Stocks continued their climb on Monday on optimism over a recovering economy.
Here are five experts on what's behind the rally.
Mohamed El-Erian, chief economic advisor at Allianz, sees a win-win scenario for markets.
"[The May jobs report] was perhaps the most shocking positive surprise for markets, and the biggest miss for economists, so you have to look into that. The complication is you have not two, but three factors we've been talking about today. One is — is it reflecting the economy picking up quickly? Two is — is there something about the data? But there's a third one — the impact of government policy. So both policymakers and economists are continuing to scratch their head, and they're going to have to err on one side or the other of an uncertain balance. Markets are completely different — it confirms a win-win. And this win-win hypothesis — I win if it's a recovery, and I'm still winning if it's not because policymakers will do more — has powered this market in a really impressive way and will continue to do so."
Stanley Druckenmiller, well-known hedge-fund manager, is getting exposed to value stocks.
"There are a very limited number of large cap but very large cap companies that benefit from Covid, and there are hundreds of companies that get hurt by Covid. That's why the first 35% of the rally was led by the growth of stocks, and now it's being led by, obviously the last few weeks, value stocks… I have the least growth leaning in my portfolio [than] I've had for maybe six or seven years."
"This is one of those rallies that not only has taken people by surprise but continues to roll, and we're seeing major gap-ups. ... We're seeing major gap-ups in the morning — highly unusual. 1980s action ... We've got some incredible breadth. We have a Fed that is completely on the side of the bulls. We have a president who wants new highs. We have stocks that are recovering well ahead of the fundamentals, but some people could say, "That's what should happen." ... It's almost as if people decided Covid is over. It's a V-shaped rally. And you better get on board."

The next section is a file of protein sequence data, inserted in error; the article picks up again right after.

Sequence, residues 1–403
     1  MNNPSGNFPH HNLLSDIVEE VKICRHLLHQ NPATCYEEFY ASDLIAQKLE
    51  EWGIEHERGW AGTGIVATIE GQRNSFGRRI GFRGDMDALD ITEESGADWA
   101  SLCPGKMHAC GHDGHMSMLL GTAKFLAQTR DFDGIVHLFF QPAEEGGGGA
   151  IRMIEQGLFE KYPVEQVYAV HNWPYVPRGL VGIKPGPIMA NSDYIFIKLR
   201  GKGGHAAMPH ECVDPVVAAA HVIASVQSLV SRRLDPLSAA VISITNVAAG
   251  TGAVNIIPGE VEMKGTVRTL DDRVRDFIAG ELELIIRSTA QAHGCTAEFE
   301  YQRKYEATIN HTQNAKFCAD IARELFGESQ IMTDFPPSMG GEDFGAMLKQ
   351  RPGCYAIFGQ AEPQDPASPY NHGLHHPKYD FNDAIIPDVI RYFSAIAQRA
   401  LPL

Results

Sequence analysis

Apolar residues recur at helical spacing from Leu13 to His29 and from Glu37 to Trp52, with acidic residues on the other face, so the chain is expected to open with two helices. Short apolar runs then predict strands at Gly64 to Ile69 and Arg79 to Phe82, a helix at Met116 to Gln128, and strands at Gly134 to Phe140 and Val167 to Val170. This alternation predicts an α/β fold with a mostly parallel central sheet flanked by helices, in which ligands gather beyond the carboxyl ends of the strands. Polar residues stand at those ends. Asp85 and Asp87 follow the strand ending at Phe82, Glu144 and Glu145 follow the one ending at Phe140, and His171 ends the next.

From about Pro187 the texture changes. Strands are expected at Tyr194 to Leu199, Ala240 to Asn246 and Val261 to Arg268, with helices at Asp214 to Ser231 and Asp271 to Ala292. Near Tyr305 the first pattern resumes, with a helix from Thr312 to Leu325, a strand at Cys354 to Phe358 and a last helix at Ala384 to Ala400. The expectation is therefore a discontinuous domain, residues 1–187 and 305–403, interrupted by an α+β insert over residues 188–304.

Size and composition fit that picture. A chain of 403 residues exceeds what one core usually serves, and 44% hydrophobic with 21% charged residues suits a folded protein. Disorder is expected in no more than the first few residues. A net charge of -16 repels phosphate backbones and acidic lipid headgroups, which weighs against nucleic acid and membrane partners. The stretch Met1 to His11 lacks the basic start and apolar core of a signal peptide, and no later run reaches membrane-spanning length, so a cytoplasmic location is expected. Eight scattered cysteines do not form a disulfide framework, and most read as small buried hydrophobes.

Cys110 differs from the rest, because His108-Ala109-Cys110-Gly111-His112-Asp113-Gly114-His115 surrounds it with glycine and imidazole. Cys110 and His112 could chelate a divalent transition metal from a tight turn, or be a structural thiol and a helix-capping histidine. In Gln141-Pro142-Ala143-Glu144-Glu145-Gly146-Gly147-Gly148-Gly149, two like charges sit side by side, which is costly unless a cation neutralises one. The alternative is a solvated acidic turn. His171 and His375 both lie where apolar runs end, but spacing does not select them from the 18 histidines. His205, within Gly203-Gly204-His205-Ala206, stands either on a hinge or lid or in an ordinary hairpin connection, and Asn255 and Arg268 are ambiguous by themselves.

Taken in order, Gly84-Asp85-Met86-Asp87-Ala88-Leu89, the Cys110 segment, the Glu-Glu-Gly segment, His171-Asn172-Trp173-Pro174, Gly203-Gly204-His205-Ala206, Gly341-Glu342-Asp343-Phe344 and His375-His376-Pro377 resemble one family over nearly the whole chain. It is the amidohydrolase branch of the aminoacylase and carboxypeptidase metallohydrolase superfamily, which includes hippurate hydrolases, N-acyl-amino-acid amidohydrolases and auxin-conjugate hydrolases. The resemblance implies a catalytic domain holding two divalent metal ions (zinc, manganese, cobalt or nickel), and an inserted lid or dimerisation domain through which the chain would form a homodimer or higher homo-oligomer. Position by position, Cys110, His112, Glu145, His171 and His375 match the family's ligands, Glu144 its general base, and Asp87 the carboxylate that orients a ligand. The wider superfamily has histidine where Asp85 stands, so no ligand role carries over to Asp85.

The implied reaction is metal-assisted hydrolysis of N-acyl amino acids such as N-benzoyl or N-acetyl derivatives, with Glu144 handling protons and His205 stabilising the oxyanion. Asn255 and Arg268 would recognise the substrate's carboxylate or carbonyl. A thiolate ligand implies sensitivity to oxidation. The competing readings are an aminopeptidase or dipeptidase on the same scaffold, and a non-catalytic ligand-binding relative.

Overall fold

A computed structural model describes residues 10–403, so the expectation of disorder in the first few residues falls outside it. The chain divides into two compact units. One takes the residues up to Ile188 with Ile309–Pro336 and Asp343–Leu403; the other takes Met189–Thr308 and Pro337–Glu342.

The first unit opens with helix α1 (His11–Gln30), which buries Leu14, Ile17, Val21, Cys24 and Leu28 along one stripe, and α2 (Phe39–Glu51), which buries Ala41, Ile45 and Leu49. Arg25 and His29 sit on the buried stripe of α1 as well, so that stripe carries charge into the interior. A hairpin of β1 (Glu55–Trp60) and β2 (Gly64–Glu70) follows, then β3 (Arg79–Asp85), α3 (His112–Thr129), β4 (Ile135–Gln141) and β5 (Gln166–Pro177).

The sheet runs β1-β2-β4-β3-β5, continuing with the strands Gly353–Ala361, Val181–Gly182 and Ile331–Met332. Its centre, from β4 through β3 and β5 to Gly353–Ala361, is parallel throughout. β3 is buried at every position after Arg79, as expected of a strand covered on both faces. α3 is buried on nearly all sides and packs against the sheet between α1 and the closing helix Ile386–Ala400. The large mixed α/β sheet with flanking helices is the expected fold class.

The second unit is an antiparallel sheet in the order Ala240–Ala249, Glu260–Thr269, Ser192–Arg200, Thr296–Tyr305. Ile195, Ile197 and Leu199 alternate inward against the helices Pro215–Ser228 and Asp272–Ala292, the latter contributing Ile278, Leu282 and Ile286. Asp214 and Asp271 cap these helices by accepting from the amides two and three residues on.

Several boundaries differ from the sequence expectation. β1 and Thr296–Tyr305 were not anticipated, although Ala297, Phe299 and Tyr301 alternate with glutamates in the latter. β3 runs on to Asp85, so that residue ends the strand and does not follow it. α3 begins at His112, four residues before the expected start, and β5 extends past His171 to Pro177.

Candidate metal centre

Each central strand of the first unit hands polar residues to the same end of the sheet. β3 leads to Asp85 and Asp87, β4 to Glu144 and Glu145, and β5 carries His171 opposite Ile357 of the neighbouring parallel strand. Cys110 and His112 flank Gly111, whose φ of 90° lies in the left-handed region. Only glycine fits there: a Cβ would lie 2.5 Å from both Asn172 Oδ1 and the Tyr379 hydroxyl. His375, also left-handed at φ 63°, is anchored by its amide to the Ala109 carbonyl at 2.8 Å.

Jonathan Golub, U.S. equity strategist at Credit Suisse, says the comparisons are favorable for the market.
"All of what I would call the sequential data, the stuff that's coming out — let's say the jobs report versus the last jobs report, or the miles driven or retail sales and comparing it to what happened last — they're going to look off-the-charts great and you're going to see improvement everywhere. And I think that that's going to give a near-term additional boost. The reality, though, is you have to ask a different question. With over 20 million people less employed now than there were before, how long will it take to get back to those numbers? The V off the bottom is going to be easy, it's going to be exciting. But, it's probably too soon to even address those issues about how long it will take."
Jack Ablin, founding partner and CIO of Cresset Capital, says valuation is not yet a concern.
"We looked at three different valuation measures. I think the one thing your viewers should also disregard is anything related to forward earnings — so forward PEs or anything like that. But if you look at the ... equity markets related to the economy, you look at EBITDA to enterprise value, you look at the CAPE ratio, generally, we are above median, but we're certainly not in a bubble territory. I wouldn't call it a dangerous valuation — certainly fully valued, and one that certainly can sustain itself as long as we get continued improvement in the economy."